Non-Mutual Income Tax

Last year, the Australian Tax Office replaced the old strata industry ruling which has been in force for nearly three decades.  The new ruling clarifies the taxation requirements relating to non-mutual income – i.e income from non- owners.

The new ruling is particularly important to strata entities that lease a part of their common property. For example where the strata entity receives income from mobile phone towers or advertising signage.

The ruling reinforces previous ATO positions as follows:

  • A body corporate is within the definition of a company and therefore taxed at the corporate tax rate of 30%.
  • A body corporate does not qualify as a non-profit entity.
  • The “principle of mutuality” applies to all strata entities, meaning that income received from owners is not subject to income tax. However, all other income (“non-mutual income”) is subject to income tax.
  • Non-mutual income from common property is generally taxable on the owner, not the body corporate.
  • Costs attributable to earning the non-mutual income is deductible.

In the past we have obtained your instruction to treat the income as taxable on the body corporate (at 30%). However, the new ruling has reinforced the ATO’s requirement that the non-mutual taxable income derived from common property must be taxed in the hands of the lot owner (based on individual lot entitlement).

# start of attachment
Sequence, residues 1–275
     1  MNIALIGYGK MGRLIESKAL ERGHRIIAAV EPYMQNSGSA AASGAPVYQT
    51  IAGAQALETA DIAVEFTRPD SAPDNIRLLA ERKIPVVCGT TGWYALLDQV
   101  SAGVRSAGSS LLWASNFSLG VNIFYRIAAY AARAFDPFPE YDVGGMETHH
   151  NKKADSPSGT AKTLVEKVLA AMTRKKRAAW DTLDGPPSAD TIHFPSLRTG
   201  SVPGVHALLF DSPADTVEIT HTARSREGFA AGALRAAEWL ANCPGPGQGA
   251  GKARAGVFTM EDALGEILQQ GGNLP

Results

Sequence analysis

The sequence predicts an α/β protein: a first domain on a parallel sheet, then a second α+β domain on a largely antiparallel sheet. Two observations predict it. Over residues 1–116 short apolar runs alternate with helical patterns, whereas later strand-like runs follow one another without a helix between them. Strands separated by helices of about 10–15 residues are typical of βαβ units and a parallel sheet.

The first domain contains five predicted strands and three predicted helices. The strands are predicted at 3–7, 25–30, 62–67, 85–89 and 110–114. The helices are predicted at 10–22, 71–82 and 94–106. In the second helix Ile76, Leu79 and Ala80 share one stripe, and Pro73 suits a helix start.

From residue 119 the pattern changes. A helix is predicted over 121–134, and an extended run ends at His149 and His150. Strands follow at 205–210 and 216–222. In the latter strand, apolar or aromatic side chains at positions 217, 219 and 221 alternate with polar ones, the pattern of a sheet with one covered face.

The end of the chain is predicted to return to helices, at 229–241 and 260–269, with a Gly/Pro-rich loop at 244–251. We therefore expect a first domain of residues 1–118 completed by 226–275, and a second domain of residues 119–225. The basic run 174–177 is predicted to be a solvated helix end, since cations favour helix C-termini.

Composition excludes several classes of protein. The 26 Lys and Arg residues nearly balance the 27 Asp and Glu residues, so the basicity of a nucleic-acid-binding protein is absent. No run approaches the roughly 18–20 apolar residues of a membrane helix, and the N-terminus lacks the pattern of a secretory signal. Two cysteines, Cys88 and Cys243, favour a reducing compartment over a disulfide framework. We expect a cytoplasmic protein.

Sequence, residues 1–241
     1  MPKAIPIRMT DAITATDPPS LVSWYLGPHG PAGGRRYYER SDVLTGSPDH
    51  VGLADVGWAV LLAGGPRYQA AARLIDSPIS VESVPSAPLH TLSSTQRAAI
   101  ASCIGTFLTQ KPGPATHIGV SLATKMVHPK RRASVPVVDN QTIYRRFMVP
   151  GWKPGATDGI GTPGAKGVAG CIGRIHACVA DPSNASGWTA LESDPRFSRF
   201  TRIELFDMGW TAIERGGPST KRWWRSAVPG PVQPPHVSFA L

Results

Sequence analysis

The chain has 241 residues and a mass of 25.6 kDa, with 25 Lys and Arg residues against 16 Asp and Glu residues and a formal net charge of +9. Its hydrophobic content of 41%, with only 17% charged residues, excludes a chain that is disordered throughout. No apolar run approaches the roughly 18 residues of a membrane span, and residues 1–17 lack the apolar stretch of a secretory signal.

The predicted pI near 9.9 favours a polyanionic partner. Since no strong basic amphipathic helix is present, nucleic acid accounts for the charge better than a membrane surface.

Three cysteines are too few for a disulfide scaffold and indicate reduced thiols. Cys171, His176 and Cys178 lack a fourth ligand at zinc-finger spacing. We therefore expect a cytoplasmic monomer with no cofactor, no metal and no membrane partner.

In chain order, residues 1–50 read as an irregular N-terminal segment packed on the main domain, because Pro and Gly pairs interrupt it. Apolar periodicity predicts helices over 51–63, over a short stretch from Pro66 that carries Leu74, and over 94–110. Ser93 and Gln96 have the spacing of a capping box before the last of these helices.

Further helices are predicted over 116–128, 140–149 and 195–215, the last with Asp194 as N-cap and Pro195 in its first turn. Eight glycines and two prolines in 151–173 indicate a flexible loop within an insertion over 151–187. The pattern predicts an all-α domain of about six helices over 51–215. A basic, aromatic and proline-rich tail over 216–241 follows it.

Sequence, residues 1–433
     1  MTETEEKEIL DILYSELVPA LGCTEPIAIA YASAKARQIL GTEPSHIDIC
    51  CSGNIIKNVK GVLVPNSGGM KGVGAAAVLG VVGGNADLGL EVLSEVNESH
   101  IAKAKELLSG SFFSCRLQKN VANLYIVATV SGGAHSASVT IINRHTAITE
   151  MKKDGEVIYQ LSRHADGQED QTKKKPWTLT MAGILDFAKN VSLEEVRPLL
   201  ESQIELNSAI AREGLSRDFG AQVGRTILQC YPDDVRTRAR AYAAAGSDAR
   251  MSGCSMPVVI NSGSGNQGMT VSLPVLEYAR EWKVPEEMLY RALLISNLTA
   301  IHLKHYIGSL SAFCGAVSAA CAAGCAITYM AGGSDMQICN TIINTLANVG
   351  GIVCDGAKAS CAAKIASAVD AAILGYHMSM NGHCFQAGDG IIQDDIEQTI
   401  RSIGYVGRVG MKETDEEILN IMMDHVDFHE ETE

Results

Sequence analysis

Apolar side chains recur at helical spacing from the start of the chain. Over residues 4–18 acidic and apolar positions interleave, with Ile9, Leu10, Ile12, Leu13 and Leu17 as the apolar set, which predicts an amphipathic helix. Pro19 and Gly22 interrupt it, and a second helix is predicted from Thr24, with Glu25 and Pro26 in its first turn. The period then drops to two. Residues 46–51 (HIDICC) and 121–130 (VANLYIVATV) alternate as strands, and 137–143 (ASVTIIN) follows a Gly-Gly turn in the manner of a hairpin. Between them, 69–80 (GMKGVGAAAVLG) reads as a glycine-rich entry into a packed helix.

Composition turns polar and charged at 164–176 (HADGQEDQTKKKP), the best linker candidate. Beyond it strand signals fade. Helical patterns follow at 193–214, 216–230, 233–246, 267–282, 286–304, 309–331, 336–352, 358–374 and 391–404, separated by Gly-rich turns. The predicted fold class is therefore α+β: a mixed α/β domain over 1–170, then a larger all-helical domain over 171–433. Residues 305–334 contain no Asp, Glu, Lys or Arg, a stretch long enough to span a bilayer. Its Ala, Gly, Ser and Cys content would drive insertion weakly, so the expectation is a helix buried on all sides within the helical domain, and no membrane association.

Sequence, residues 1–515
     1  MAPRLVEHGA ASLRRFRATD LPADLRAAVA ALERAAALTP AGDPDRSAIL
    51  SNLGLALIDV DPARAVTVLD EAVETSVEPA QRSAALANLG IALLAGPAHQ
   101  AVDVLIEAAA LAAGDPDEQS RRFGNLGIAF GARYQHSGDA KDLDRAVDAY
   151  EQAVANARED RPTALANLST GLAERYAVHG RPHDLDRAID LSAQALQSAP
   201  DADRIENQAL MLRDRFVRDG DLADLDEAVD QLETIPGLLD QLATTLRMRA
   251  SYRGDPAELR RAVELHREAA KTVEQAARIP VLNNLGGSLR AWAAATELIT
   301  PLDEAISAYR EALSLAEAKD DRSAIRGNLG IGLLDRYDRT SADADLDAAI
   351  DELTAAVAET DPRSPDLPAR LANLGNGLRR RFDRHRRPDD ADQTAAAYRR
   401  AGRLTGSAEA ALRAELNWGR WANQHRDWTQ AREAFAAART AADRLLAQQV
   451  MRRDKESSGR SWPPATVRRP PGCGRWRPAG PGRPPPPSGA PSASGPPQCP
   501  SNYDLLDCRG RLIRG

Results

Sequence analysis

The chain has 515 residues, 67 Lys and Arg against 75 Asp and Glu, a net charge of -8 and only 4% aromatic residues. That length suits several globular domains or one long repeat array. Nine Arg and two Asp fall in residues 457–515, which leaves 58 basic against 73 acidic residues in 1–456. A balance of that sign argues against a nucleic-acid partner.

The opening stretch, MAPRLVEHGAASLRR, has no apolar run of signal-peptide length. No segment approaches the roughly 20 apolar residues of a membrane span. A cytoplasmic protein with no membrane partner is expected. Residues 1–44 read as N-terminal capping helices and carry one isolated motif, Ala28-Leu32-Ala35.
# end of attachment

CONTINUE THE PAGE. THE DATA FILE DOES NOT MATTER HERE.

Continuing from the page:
The new ATO ruling TR 2015/3 is clear and we recommend that committees comply with the ATO’s requirements.

Body corporate income tax returns will be prepared in accordance with the new ruling unless there has been written instructions to the contrary.  A summary of the tax information required by owners will be posted on the SSKB portal and posted to all owners soon after the financial year end.  The owners should submit this information, together with their levy notice, to their tax professional.

If you have any queries regarding the above, the following links will provide further detailed information:

Should you require more information on the ATO ruling, click here for direct access to the ATO website.


Does your body corporate meet the ATO threshold that requires you to register for GST purposes?

The below letter from the ATO outlines the stipulations under which a body corporate would be required to register for GST:

ATO Letter

The letter states that “bodies corporate are now considered to be non-profit bodies for GST purposes provided they do not have an intention to distribute interest or other income to members.” Further information regarding this ruling can be found by clicking here.

For further information on GST and how to register, click here for direct access to the ATO website’s GST registration page.

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